Tuesday 16th – Thursday 18th February
We planned to spend two days here, and according to the weather forecast, so did the rain clouds. On day one we went for a walk along an empty, overcast Quy Nhon beach, and after not very long the rain began.
We stubbornly walked the shore, sandals in one hand, umbrellas in the other, all in the spirit of “We’re going to have fun whether we like it or not”. In the end we retreated to our hotel room, deciding to add another day onto our stay.
Luckily for us, the rest of the predicted bad weather didn’t happen, which meant we could sit on a beach, gazing at the sea, which is marginally more respectable than sitting in a hotel room gazing at a screen.
On day two we cycled the hilly coastal path to the beach by the Quy Hòa Leper Colony.
After this we walked inland to see the nearby leper colony. I didn’t think these places still existed, but a little bit of online research told me that there’s still about 850 in the world, mainly in India and other parts of Asia.
There is a lot of stigma surrounding leprosy, and many people in leper colonies don’t have a good quality of life. However, Quy Hòa Leper Colony is one of the good ones. It is in fact like a regular Vietnamese village (except much quieter). The people with leprosy live here with their families, have jobs if they’re young enough, and have access to modern healthcare.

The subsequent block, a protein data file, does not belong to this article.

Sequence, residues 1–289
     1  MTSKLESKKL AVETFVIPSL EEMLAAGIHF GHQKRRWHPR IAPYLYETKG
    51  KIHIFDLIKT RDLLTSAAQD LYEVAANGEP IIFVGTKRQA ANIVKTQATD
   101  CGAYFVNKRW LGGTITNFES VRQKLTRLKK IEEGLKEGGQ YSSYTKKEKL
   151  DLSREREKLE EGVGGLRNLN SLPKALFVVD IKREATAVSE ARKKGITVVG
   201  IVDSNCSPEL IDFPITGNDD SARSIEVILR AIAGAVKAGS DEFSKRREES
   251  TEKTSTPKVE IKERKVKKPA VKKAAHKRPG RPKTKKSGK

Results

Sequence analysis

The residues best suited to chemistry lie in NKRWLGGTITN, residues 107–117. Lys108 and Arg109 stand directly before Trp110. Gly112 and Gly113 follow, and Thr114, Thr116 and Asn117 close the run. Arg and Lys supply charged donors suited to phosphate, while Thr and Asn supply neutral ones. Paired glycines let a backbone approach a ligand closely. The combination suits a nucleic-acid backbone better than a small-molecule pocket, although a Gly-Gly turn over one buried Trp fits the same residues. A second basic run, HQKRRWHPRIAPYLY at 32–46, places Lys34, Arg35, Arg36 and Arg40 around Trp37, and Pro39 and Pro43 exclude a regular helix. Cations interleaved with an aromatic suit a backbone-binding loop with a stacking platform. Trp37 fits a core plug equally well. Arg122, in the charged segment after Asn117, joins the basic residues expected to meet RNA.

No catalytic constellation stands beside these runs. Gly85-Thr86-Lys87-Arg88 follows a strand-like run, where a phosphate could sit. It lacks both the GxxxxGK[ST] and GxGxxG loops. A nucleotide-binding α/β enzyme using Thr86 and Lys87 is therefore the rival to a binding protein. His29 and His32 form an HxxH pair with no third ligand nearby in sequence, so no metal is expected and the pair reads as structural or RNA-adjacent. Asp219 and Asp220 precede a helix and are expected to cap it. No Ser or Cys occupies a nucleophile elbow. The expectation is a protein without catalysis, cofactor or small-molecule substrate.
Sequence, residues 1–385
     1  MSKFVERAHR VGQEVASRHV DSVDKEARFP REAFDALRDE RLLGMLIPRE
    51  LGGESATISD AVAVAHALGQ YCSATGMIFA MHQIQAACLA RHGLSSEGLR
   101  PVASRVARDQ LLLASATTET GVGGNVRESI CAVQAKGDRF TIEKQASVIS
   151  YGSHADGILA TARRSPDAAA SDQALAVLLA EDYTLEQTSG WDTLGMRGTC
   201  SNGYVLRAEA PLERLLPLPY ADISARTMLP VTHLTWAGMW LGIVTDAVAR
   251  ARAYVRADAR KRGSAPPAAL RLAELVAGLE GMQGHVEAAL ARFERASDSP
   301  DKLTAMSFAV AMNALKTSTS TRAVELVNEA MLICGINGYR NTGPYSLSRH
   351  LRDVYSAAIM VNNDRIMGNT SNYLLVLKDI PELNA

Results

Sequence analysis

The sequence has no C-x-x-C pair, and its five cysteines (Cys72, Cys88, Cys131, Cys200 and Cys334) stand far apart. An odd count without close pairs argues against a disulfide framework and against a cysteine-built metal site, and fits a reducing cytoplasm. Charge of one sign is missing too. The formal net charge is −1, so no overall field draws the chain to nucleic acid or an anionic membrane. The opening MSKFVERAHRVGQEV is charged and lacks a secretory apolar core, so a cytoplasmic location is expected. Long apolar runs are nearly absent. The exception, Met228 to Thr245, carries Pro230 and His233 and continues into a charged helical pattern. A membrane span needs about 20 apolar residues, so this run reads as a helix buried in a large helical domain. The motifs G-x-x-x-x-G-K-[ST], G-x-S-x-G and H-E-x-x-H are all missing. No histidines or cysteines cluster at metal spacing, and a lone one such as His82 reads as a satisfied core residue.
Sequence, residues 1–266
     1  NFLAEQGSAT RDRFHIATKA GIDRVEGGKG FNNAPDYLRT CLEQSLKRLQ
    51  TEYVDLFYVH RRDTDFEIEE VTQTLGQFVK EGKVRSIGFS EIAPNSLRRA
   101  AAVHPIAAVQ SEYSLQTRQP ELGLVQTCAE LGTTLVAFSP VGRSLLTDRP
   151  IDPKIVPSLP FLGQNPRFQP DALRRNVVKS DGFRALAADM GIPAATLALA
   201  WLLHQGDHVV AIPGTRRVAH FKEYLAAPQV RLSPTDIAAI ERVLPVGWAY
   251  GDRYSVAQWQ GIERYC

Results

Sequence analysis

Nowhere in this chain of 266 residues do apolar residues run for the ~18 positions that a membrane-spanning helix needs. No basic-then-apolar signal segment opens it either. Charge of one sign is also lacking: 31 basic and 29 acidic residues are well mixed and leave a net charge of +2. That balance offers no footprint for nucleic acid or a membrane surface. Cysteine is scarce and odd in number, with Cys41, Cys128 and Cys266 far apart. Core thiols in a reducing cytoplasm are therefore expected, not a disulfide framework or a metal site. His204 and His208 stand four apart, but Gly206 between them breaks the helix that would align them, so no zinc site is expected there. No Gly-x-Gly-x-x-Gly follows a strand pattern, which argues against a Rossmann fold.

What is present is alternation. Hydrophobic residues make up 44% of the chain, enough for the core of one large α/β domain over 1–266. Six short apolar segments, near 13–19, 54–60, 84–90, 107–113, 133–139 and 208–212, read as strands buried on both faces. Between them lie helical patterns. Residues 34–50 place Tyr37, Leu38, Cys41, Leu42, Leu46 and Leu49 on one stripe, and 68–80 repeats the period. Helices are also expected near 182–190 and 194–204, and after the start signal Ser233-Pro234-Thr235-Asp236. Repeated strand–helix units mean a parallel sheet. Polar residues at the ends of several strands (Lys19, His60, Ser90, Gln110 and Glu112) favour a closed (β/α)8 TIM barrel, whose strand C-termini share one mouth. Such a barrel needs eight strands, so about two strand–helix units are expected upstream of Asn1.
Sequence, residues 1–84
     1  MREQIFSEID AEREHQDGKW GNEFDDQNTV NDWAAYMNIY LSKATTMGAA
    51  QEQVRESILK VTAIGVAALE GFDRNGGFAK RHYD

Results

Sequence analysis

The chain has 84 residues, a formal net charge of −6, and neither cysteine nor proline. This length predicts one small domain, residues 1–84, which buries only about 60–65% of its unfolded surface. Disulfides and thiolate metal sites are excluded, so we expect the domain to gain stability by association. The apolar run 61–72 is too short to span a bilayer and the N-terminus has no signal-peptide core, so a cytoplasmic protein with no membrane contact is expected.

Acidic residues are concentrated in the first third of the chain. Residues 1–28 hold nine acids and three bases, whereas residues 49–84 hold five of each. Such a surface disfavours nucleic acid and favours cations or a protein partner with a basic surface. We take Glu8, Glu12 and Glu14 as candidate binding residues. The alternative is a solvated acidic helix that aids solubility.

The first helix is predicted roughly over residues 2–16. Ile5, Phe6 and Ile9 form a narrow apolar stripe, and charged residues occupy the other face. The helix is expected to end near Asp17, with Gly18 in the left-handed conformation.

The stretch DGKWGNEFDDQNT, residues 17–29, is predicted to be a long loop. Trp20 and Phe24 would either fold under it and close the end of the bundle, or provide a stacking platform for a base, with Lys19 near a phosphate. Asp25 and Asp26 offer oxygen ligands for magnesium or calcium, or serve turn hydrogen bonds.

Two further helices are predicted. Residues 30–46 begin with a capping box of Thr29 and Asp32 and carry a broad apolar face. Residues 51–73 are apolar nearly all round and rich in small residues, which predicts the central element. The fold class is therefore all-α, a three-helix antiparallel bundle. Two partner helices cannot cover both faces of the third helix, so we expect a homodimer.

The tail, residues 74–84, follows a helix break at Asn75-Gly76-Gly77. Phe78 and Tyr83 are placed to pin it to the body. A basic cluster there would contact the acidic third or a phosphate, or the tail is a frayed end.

One of the village streets.
Visitors are welcome, and I imagine that this helps the people who live there to not feel cut off, as well as increasing awareness and lessening the stigma surrounding the disease.
We were both concerned that this visit would seem voyeuristic, but it didn’t feel like it. We walked down the street exchanging hellos with everyone, just like any village in Vietnam. While being very careful not to stare, we could see the signs of leprosy on some people’s hands and feet. The atmosphere was relaxed. We could hear some kids playing and a few people talking, that was all.
Surrounding the village are many busts of people who have contributed in some way towards the treatment of people with leprosy. There are some familiar faces, such as Marie Curie and Hippocrates, though most are Vietnamese doctors and scientists who we didn’t know.
It was an interesting and worthwhile place to visit.
Anyway… this bout of conscientious tourism was balanced up by a bit more lying on a beach and eating KFC.
(For anyone who was wondering, this is what KFC in Vietnam looks like – though you can get a regular chicken burger with fries too.)